Biodiversity where you least expect it: A new beetle species from a busy megacity
the world's 10th largest megacity and 6th largest conurbation, based on official statistics – is not a place one would normally expect to discover new species, even in a country that is known as a biodiversity hotspot.
In a 83-hectare green island amidst the unnatural ocean of countless man-made edifices, researchers of the Ateneo de Manila University have discovered a tiny new species of aquatic beetle, aptly named Hydraena ataneo. It was named after the University, a 154-year-old Jesuit-run institution that is recognized as one of the premier universities in the Philippines and in the region. The international open access scientific journal Zookeys has published the paper about the unusual discovery in its latest issue [329: 9 (2013)]. The publication of the fact is just timely, given that the university's Department of Biology is celebrating its 50th anniversary this year.
During field training in November 2012, Biology students and a faculty member of the Department of Biology sampled small creeks, ponds, and pools in wooded areas within their sprawling university campus. The group found seven species of water beetles, of which one was a new record for the entire island of Luzon and another was Hydraena ataneo.
Arielle Vidal, at the time of the training enrolled in the Department's B.S. Life Sciences program, says: "I was so amazed that there are new species even in the Ateneo Campus in the middle of Manila. Then I was sure that I wanted to write my thesis on a taxonomic topic." Kimberly Go, her thesis partner, adds: "Then we pushed through and investigated a remote river catchment in Mindoro. We found several new species of the same genus there, too."
Their thesis adviser and author of the recent paper, Associate Professor Dr. Hendrik Freitag, explains: "The Long-palped Water Beetles (genus Hydraena) are in fact one of the most overlooked and diverse genera of aquatic beetles. Only 14 species of this genus – all endemic – are known from the country by now, but many more wait to be named and described. All of them display these extremely enlarged palps of the maxilla. These are real mouthpart appendages and not the antennae. Those species that were found in the Ateneo campus must have re-colonized the area after the tree cover has re-established in the last 50 years and the small creeks began to flow again."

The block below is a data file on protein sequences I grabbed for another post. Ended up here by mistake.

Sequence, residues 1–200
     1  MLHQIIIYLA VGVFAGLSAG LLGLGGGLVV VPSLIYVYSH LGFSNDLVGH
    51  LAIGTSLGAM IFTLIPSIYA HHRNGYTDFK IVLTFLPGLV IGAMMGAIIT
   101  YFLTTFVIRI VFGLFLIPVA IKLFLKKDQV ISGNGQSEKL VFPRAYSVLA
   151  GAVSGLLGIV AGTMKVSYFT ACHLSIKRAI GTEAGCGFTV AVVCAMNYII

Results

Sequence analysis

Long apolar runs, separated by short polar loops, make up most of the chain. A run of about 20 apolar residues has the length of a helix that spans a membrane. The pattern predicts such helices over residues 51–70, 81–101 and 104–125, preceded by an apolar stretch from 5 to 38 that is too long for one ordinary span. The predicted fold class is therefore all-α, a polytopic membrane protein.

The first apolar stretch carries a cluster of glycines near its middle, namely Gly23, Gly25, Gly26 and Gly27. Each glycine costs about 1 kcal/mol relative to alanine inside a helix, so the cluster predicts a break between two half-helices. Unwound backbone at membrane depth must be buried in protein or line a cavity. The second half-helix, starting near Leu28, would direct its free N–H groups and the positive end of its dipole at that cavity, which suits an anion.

Clister Pangantihon and Dr. Ronald Lagat, both facilitators of the "Philippine Aquatic Biodiversity Workshop" held at the Ateneo earlier this year confirm: "We found Hydraena ataneo also in the neighboring Province of Cavite during our workshop." A few additional exemplars of the new species formerly collected in the Laguna Province were also detected among the copious collections of the Natural History Museum in Vienna, Austria, which houses the world's largest scientific collection of water beetles.
The study has shown that small patches of semi-natural habitats amidst the densely populated and highly urbanized capital region can accommodate an astonishing assemblage of species. This will hopefully be an inducement to protect and extend such islands of urban biodiversity in the cities.
Nevertheless, this should not lead to the illusion that the ongoing dramatic loss of biodiversity in the Philippines can be reversed. A large proportion of endemic organisms are closely associated with primary forests. Therefore, it should be an ultimate priority for nature conservation to protect the last remaining rainforests in the country.